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Share Policies That Have Not Saved One Life

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Specializes in ER. Has 28 years experience.

Ioreth, ADN, RN

Specializes in Ortho-Neuro. Has 2 years experience.

I keep thinking of more: 

Charting in the room. The patient won't shut up and let me do my work!

Bedside shift report. Yes, I know this is a touchy subject. "I want to be included in what is said about me". But really... there are family issues, results the physician hasn't told the patient, etc. Sometimes I just want the noc nurse to just tell it to me straight "this guy is noncompliant with..." or "this lady is dying but is in denial about her condition and family is fighting over her" rather than dance around it because we're being good nurses and doing the whole handoff at the bedside.

No labeled frozen dinners in the staff fridge over 1 week old.

No shelf-stable food in the lockers.

Everyone must take a 30-minute uninterrupted lunch break and 3 10 minute breaks and clock out precisely no later than 1937 with no late meds or cares and all charting complete. Sure... then give me a normal patient load and adequate CNA coverage. They used to track this, then they used it against us in annual performance reviews. Now everyone just lies and clocks out on time then stays off the clock to finish charting.

Corpsman2OncRN, BSN, RN

Specializes in Oncology. Has 2 years experience.

7 hours ago, Ioreth said:

One more!

Physicians must put in an order for a CPAP, and the patient cannot use their own device but must use a hospital-provided device (policy in place long before COVID).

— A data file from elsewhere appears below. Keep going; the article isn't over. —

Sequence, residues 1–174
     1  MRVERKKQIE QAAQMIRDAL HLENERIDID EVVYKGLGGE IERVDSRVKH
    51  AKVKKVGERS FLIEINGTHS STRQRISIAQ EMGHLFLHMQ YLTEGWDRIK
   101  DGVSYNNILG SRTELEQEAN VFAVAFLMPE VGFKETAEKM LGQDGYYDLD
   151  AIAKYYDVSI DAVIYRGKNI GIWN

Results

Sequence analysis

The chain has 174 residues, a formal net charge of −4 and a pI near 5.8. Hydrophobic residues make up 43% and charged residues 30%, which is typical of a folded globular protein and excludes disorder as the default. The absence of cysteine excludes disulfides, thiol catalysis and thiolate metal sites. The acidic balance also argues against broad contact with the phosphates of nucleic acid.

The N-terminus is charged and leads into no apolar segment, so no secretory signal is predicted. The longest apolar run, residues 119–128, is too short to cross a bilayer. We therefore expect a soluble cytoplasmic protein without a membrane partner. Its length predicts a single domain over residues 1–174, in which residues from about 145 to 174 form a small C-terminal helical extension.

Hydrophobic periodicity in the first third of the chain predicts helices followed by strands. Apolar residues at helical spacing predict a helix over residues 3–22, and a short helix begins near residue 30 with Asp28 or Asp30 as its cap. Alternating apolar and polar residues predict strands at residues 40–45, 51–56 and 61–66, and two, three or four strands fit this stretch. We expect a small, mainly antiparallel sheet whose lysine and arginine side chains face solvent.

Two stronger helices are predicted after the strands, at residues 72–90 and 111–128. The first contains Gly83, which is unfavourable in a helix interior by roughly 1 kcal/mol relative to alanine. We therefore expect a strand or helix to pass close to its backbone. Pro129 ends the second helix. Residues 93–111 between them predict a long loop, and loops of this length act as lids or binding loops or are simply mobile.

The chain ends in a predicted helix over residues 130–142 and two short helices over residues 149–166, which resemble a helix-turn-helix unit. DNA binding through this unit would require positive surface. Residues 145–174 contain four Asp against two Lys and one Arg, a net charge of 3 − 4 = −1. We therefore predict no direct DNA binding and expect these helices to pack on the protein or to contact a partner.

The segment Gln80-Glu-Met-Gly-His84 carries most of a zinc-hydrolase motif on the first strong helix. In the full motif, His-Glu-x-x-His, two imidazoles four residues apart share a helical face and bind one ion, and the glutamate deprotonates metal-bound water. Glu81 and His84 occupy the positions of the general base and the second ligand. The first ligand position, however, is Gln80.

If the patient has a dx of OSA and has used a CPAP for years, we have to get a verbal or written order from the physician. Patients also hate that we can't use their own CPAP that their surgeon or intake told them to bring.  Would love to see a policy that CPAP use for known OSA is a nurse-driven protocol. Most of noc shift will put the order as a verbal and not ever call the physician, but this is less than legal per policy.

ugh, that sucks! I have sleep apnea and would be miserable if I couldn't use my own machine and mask. I love when the patients bring their own from home and use it independently, less work for me!

My contribution:

Not taping papers to the wall (we just had a visit from the Joint Commission fairy and this was a big deal...nevermind the fact that we've had multiple falls in the past two months; get that tape off the wall!)

Ioreth, ADN, RN

Specializes in Ortho-Neuro. Has 2 years experience.

That tape reminds me of another courtesy of the fire department's inspection this month. 

Nothing can be taped to the doors unless it is laminated. Bare paper is a fire hazard.


Specializes in Flight/ICU-CCU/ER/Paramedic. Has 18 years experience.

All WHITE uniforms for licensed nurse staff. 

(while these look very fetching, are a complete PITA or something... nevermind). 

Having to write some long annotation describing the events leading up to and any efforts to dissuade a pt who decided to leave AMA.  It seems like 9 out of 10 AMA's are people with some kind of addiction who are coping poorly with withdrawal (alcohol, drugs, cigarettes)... trust me, if there was something I could say to make them see reason and stay for treatment, they wouldn't be leaving AMA.

Conversely, best policy ever:

Pts who leave AMA just to get outside and smoke a cigarette have to go back through the whole ED process if they want to be readmitted... and, most likely, will end up in some other room on some other unit 😆

Leader25, ASN, BSN, RN

Specializes in NICU. Has 38 years experience.